Star Wars: George Lucas Once Again Stands by His Special Edition Upgrades

The Star Wars creator thinks filmmakers can make any changes they'd like.

Fans who watched the original Star Wars trilogy before 1997 have an entirely different outlook on the franchise than those who watch the films after that point, as creator George Lucas made technological changes to the films to meet the special effects standards of the time, while also making some narrative edits to the stories themselves. While some of those older audiences who prefer the pre-Special Edition versions of the trilogy sometimes hold out hope that those cuts will get an official release, Lucas himself recently reflected on how he not only stands by those decisions, but how he also believes any filmmaker has the right to make any changes to their movies to fully realize their intended vision.

"I'm a firm believer that the director, or the writer, or the filmmaker should have a right to have his movie be the way he wants it," Lucas shared at the 77th Cannes Film Festival, per The Hollywood Reporter"We did release the original one on laserdisc and everybody got really mad, they said, 'It looks terrible.' And I said, 'Yeah, I know it did ... That is what it looked like."

Both Lucas himself and studio Lucasfilm have expressed how the Special Edition versions of the films should be considered the definitive versions of the movies. The best official release of those original films came in 2006, when a DVD release included both the Special Edition versions of the trilogy, as well as "Unaltered" versions of the movies. More minor tweaks were made to the films for the Blu-ray, 4K Ultra HD, and streaming releases.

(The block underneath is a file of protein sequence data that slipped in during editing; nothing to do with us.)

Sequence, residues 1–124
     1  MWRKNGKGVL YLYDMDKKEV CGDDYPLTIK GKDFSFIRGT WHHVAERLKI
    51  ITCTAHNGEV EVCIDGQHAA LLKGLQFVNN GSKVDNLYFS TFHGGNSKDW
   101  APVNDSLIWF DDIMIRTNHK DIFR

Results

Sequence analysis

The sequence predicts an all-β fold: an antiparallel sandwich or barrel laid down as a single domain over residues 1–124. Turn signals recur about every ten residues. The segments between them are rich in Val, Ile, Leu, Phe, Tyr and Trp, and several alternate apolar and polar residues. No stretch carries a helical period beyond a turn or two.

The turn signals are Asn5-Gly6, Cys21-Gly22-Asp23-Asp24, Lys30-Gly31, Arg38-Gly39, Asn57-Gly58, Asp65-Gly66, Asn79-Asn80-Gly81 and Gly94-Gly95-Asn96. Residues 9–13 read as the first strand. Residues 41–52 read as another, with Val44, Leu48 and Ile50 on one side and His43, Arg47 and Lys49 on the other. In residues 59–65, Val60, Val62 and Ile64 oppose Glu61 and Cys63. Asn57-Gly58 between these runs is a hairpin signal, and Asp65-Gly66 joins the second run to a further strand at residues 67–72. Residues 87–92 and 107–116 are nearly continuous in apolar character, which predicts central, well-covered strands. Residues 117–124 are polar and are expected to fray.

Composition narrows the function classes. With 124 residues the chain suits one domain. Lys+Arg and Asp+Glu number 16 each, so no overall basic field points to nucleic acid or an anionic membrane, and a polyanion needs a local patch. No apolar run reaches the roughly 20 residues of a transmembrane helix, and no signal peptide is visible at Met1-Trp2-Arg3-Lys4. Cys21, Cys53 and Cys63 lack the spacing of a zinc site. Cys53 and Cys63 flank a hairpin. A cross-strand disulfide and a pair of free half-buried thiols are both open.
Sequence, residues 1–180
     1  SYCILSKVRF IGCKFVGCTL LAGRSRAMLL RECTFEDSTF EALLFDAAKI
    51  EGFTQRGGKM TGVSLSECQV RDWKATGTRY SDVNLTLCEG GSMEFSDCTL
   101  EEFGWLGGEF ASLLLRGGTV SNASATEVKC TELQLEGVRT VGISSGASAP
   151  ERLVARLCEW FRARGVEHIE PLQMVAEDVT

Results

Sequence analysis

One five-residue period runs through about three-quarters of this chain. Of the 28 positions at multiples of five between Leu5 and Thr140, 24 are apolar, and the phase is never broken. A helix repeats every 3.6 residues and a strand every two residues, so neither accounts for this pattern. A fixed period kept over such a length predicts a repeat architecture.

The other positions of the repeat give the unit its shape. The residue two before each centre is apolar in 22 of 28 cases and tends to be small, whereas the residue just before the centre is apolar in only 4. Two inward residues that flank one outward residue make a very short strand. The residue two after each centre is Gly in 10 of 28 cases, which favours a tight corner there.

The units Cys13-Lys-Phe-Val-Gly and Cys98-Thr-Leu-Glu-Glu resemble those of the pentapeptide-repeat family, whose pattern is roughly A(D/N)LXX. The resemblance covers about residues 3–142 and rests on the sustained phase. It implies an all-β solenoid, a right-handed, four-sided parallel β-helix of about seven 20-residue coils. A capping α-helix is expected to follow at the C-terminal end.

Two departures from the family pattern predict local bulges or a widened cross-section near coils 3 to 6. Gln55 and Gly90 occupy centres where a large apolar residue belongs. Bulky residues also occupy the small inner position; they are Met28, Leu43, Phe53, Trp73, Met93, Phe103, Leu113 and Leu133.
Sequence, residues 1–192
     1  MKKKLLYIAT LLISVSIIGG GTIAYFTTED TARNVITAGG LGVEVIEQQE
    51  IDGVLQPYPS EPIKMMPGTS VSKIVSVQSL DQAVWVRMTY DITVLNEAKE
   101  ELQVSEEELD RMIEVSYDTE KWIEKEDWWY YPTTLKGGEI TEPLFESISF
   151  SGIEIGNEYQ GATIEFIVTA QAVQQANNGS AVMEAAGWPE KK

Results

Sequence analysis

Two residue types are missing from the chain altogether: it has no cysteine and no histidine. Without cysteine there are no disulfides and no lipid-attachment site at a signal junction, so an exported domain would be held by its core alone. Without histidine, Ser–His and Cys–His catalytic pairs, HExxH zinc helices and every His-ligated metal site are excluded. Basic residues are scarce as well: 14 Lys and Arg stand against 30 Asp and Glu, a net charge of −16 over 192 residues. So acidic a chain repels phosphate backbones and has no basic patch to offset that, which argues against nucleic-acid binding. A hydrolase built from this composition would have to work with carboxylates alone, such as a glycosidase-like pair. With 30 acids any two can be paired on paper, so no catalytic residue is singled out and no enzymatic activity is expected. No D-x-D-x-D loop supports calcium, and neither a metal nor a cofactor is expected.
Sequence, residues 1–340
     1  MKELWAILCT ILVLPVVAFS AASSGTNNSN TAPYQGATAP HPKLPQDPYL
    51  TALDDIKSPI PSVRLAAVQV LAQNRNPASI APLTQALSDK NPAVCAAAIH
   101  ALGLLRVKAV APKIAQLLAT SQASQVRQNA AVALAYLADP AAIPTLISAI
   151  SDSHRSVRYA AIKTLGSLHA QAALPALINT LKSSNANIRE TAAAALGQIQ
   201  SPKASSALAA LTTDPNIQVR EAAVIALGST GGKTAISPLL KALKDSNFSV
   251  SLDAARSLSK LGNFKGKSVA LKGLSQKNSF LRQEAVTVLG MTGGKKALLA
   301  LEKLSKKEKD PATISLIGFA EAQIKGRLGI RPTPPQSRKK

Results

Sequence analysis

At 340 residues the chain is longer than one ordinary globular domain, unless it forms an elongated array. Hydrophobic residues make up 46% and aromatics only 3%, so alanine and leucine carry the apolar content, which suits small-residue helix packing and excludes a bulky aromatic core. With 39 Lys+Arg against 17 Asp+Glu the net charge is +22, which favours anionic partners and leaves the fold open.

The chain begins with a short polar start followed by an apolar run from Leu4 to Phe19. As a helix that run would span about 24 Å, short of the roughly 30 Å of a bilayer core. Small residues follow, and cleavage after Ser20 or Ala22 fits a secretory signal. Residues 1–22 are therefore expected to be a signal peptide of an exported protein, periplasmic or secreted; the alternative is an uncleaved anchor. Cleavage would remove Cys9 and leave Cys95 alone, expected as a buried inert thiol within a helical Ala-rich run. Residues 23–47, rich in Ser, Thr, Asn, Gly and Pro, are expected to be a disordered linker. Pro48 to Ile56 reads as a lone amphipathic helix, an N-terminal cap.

Despite some fans holding out hope for the Unaltered editions to be released at some point, The Mandalorian creator Jon Favreau previously expressed how unlikely that would be, while also expressing that fans clamoring for such a release were in the minority.

When asked by Moovy TV in 2023 if Favreau had enough clout at Lucasfilm to get the theatrical cuts of the films released, Favreau explained, "Do you think anybody but us, the people who grew up with it, anybody would care? I know to ... Younger people, that's what I figured out, that the younger people have a whole different perception of what Star Wars is, each generation. For the millennials, it's the prequels. Zoomers, sometimes it's [Star Wars:The Clone Wars. I've seen people come up to [Clone Wars creator] Dave Filoni and that's their entree into it."   

Stay tuned for updates on the future of Star Wars.

What do you think of the filmmaker's remarks? Contact Patrick Cavanaugh directly on Twitter or on Instagram to talk all things Star Wars and horror